Nilima Shah (LL.M. ’13) says, “I always wanted to become a lawyer.” She grew up with stories about her great grandfather who studied law alongside a select group of gifted Indian law students in England. “My whole family admired what he accomplished. I internalized that respect and hoped that one day future generations would feel the same sense of awe and admiration for me,” Nilima said. She earned her bachelor of commerce and law degrees in India then immediately moved to the United States. Nilima was busy adapting to a new country and taking care of her family, but never lost sight of her lifelong dream of becoming a lawyer.
A few years after Nilima arrived in the United States she decided to attend paralegal school to test her English proficiency, considering that English is her third language. “Communication had always been my strong suit in India, but it now seemed very difficult here in America,” she said. She graduated with a 4.0 GPA and her Professor Michael Knish told her that she would make an excellent lawyer if she decided to go to law school. She worked as a paralegal for San Bernardino County Superior Court and several private law firms for seven years. After a few months of working in immigration, she decided to get her license to practice law. Ten years later she took her attorney’s oath with Professor Knish who is now a judge in San Bernardino Superior Court’s family law department (see picture on right).
To practice law in the United States, a Juris Doctor (JD) degree is required. With a bachelor of law degree from India that is equivalent to the JD, Nilima still needed to meet certain prerequisites to take the California state bar exam and become a practicing attorney. She decided to get her LL.M. degree to meet the eligibility requirement. Nilima compared the LL.M. programs offered by several law schools, and found Chapman’s Fowler School of Law to be the most flexible and overall the best option for her studies.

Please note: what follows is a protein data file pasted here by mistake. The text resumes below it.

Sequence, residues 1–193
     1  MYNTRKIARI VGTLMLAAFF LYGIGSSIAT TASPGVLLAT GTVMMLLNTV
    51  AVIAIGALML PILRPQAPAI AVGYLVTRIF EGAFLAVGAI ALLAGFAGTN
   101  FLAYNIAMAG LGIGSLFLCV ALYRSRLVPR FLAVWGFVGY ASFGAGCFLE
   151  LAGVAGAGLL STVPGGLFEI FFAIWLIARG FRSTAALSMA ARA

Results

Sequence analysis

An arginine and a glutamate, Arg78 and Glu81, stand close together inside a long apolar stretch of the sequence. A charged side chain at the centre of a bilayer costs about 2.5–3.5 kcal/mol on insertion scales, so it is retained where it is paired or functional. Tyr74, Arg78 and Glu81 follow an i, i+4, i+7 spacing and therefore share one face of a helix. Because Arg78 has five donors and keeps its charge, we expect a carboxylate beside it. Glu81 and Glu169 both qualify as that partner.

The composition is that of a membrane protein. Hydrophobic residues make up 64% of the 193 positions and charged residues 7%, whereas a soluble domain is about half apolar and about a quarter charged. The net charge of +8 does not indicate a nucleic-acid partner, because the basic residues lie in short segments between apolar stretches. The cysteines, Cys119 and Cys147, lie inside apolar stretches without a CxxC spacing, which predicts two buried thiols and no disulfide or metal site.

Nilima’s Experience at Fowler School of Law
Nilima quickly bonded with her classmates and professors. She took advantage of every opportunity provided to her. She joined the Immigration Law Society and the Public Interest Law Foundation, serving as a board member for both student organizations. She helped organize the Deferred Action for Childhood Arrivals (DACA) panel at Fowler and the American Immigration Lawyers Association (AILA) panel. She said that the most valuable tool was the bar prep course taught by Professor Mario Mainero and his team. “Without it I could not imagine passing the California bar exam in my first attempt,” she explained. Nilima also had the opportunity to take Professor Marisa Cianciarulo’s Refugee Law class and participate in the Bette and Wylie Aitken Family Protection Clinic, where she handled immigration law matters under the direction of Professor Cianciarulo. “Learning about the international refugee law and the asylum process for immigrants exiled from their homes as a result of war and bigotry has given me a whole new perspective to look at the immigration law.” This experience left a lasting impression on Nilima. She said, "helping a real client obtain her U visa status has inspired me to continue providing pro bono legal services to immigration clients.”
“Immigration is the greatest passport that anybody in the world could hope for. It provides the freedom to live and work anywhere in the world. As an immigrant to the United States, I have seen the incredible opportunity first hand. Bringing those opportunities to others and helping them make their dreams come true is my passion.” – Nilima Shah
Where Nilima is Today
Nilima currently works as an attorney with Paragon Law Firm, a full-service law firm specializing in U.S. immigration and nationality law.
A Note from Nilima to Future Students Thinking of Taking the Bar Exam
"Preparing for the bar exam is the most difficult thing a future attorney will face. Sure it was nerve wracking to study 12 hours a day for 3 months BUT if I can do it, anybody can do it. My mentor said 'don’t be afraid.' I took those words seriously and I believe 'when there is a will, there is a way.' There is no secret to passing the bar exam except hard work and believing in yourself."